I’ve just taught my first weekend retreat. It was a yin and Ashtanga retreat and many of you were new to Ashtanga. Some of you were new to yoga!
When assisting the led Ashtanga classes I noticed lots of stuff going on throughout the room: glances and voiceless looks of “I’m in pain, come and rescue me” and whispers of “I can’t do this.” There were baffled looks of “you’re expecting my body to do what?!”
When we go about our every day lives, we encase ourselves in a suit of armour. We smile broadly and up goes our facade. We have our coping mechanisms.
We might be successful at work, we might have a wonderful loving family. On the surface it might look like we’ve got it made.
But we all have issues with our bodies and minds. They carry our habits and histories.
I’ve heard it said that we’re at our most honest and ‘authentic’ when we’re on our mats. We’re laid bare. We’re vulnerable. There’s nowhere to hide.
Ashtanga, without a doubt, is a demanding practice. Moving your body in unfamiliar ways is challenging. Finding your breath in these postures can feel near to impossible.
How do we approach these situations? What goes through our minds? There’s fear, feelings of not being good enough, worries about getting it wrong or hurting ourselves, thoughts of being the worst in the room. Do we give up or do we give it a go?
You all did so well. You experienced the Ashtanga primary series. And maybe this weekend you weren’t able to sit in half lotus (let alone full lotus) but that doesn’t mean you never will. You just can’t do it… yet.
But to be at your side, listening to your fears and concerns, and offering little words of encouragement while you took your first Ashtanga steps was a privilege. It’s wonderful to pass on bits of knowledge I’ve had shared with me over the years.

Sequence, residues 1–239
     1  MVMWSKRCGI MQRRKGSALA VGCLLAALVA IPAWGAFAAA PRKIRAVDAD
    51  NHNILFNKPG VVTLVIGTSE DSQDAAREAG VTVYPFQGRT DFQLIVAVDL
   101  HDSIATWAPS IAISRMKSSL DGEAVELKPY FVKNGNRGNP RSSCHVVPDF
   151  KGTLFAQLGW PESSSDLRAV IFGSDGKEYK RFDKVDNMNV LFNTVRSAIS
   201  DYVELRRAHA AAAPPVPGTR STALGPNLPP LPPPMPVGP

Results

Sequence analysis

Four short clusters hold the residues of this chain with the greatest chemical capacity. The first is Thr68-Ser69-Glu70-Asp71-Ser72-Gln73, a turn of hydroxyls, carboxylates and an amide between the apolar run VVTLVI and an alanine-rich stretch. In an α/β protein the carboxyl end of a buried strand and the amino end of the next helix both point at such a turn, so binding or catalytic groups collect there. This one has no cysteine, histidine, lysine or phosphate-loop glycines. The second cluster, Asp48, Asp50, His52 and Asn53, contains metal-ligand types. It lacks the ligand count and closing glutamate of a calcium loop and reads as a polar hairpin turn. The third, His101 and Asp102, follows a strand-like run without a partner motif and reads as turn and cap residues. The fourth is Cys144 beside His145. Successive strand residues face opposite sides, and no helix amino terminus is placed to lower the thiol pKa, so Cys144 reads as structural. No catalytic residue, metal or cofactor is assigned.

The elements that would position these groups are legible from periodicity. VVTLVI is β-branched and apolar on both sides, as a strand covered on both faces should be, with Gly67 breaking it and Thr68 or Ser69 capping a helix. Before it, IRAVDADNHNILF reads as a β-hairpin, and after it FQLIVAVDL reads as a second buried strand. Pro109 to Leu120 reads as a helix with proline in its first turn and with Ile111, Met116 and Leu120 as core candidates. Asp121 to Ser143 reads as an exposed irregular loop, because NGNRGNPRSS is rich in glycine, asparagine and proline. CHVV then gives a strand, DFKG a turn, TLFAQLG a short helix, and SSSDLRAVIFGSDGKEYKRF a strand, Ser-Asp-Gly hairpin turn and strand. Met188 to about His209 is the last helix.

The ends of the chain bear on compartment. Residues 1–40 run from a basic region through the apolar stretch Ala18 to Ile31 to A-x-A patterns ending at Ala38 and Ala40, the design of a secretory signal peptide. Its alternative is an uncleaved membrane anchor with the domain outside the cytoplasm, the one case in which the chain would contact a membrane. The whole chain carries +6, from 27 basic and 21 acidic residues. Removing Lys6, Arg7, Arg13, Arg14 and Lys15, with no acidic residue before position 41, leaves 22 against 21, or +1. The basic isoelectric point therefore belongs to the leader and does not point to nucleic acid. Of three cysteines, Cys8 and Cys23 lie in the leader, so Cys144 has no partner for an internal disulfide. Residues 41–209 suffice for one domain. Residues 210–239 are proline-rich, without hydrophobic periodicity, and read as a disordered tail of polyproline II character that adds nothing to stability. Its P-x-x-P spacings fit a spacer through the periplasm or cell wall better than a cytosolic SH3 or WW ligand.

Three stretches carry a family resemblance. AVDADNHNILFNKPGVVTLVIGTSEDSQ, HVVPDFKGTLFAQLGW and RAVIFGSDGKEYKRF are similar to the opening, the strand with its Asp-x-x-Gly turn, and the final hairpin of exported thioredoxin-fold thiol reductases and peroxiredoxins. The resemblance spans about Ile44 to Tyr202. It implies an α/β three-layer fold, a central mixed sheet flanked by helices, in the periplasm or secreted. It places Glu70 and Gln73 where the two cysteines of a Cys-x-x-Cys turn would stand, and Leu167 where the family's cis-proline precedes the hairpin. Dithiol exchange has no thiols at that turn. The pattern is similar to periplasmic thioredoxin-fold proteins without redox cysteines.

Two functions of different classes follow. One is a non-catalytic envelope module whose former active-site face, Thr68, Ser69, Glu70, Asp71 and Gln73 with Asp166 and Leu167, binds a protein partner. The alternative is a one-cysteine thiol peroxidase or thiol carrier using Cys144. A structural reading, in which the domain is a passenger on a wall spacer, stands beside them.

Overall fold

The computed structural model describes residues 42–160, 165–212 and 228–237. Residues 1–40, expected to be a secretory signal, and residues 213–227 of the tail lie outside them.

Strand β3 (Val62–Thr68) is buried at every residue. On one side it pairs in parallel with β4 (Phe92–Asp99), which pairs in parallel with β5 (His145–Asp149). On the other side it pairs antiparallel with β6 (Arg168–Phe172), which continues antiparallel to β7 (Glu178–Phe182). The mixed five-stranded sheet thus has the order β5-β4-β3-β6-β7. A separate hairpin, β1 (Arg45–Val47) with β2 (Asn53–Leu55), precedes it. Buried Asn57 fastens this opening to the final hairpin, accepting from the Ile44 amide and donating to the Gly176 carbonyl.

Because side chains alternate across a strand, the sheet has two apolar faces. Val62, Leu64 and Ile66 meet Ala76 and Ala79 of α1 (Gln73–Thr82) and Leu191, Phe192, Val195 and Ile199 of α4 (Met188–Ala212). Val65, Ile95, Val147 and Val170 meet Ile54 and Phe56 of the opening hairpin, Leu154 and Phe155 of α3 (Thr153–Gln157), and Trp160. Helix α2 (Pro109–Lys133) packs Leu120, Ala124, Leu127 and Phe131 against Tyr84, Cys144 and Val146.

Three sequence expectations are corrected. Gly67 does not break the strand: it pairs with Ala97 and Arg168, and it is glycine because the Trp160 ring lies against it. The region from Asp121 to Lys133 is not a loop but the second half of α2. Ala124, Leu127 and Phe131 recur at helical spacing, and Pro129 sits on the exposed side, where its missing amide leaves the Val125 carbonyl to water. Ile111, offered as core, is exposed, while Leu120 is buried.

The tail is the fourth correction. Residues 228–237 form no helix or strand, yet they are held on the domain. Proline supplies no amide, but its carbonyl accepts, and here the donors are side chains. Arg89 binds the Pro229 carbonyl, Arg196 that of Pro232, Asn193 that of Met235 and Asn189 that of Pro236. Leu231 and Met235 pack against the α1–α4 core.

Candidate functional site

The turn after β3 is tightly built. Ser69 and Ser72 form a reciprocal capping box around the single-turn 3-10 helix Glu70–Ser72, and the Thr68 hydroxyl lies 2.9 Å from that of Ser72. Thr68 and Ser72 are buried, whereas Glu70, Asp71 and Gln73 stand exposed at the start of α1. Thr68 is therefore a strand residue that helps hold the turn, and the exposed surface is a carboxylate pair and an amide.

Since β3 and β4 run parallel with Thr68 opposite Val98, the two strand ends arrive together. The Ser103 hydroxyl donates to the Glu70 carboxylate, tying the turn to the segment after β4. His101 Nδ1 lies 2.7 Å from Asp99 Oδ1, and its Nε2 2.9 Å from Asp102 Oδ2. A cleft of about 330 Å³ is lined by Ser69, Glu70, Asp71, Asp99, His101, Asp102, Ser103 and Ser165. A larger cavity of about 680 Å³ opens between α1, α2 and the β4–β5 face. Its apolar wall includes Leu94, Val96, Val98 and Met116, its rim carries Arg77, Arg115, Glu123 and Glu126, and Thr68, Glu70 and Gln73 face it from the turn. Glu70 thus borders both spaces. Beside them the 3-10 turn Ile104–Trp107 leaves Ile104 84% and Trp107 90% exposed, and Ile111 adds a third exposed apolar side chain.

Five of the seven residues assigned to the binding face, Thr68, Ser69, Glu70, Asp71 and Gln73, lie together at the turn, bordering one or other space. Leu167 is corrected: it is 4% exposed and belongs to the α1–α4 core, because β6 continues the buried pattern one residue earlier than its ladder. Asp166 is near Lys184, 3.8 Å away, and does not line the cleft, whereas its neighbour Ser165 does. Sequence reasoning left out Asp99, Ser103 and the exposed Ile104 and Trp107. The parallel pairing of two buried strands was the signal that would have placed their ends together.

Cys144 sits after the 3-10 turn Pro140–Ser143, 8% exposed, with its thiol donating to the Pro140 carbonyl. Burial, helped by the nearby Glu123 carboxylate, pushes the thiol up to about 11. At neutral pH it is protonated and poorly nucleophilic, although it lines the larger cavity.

Thank you for letting me in. Thank you for your honesty. Thank you for giving it a go and exploring and playing. You’re amazing.
With winter in the UK closing in and the early mornings becoming darker and colder, snuggling under your duvet is likely to feel increasingly appealing. But how do you stay connected to your home practice?
I’ve heard people say that the hardest step to practicing on your own at home is rolling out your mat. But once you’re standing on that mat, you’re half way there.
I’ve asked some teachers for their tips to help you stay motivated through the winter months…
One of my favourite sayings is: A little a lot is better than a lot a little. Make it accessible. You could just sit for five minutes. Go with the morning. When does the evening start? When you get in from work? After dinner? Before bed? The morning is better.
If you can’t work out how to fit it in, just get up five or ten minutes earlier. It’s not rocket science. We can be so disciplined in reading the paper, watching the latest boxset…
People forget that Rome wasn’t built in a day. It takes time. We have to be realistic about what we can do and we just have to do our best. Be less ambitious.